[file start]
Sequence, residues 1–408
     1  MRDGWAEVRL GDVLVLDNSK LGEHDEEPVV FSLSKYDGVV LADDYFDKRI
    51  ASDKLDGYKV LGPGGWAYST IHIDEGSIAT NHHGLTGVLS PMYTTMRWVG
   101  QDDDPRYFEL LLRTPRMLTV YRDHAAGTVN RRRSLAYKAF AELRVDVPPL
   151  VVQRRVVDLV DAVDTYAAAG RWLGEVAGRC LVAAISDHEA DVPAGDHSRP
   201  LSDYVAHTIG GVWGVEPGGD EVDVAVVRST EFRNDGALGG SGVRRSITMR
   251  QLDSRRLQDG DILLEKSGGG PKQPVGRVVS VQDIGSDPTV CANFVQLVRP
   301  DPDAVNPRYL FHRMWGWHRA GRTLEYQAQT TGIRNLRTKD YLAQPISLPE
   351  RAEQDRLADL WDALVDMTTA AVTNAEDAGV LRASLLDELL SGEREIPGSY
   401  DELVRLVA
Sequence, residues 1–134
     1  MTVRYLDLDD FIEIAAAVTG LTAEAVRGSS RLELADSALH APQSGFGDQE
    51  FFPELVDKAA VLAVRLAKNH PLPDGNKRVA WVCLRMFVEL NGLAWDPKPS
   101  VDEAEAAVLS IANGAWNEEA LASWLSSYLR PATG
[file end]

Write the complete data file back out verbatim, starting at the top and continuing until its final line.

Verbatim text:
Sequence, residues 1–408
     1  MRDGWAEVRL GDVLVLDNSK LGEHDEEPVV FSLSKYDGVV LADDYFDKRI
    51  ASDKLDGYKV LGPGGWAYST IHIDEGSIAT NHHGLTGVLS PMYTTMRWVG
   101  QDDDPRYFEL LLRTPRMLTV YRDHAAGTVN RRRSLAYKAF AELRVDVPPL
   151  VVQRRVVDLV DAVDTYAAAG RWLGEVAGRC LVAAISDHEA DVPAGDHSRP
   201  LSDYVAHTIG GVWGVEPGGD EVDVAVVRST EFRNDGALGG SGVRRSITMR
   251  QLDSRRLQDG DILLEKSGGG PKQPVGRVVS VQDIGSDPTV CANFVQLVRP
   301  DPDAVNPRYL FHRMWGWHRA GRTLEYQAQT TGIRNLRTKD YLAQPISLPE
   351  RAEQDRLADL WDALVDMTTA AVTNAEDAGV LRASLLDELL SGEREIPGSY
   401  DELVRLVA
Sequence, residues 1–134
     1  MTVRYLDLDD FIEIAAAVTG LTAEAVRGSS RLELADSALH APQSGFGDQE
    51  FFPELVDKAA VLAVRLAKNH PLPDGNKRVA WVCLRMFVEL NGLAWDPKPS
   101  VDEAEAAVLS IANGAWNEEA LASWLSSYLR PATG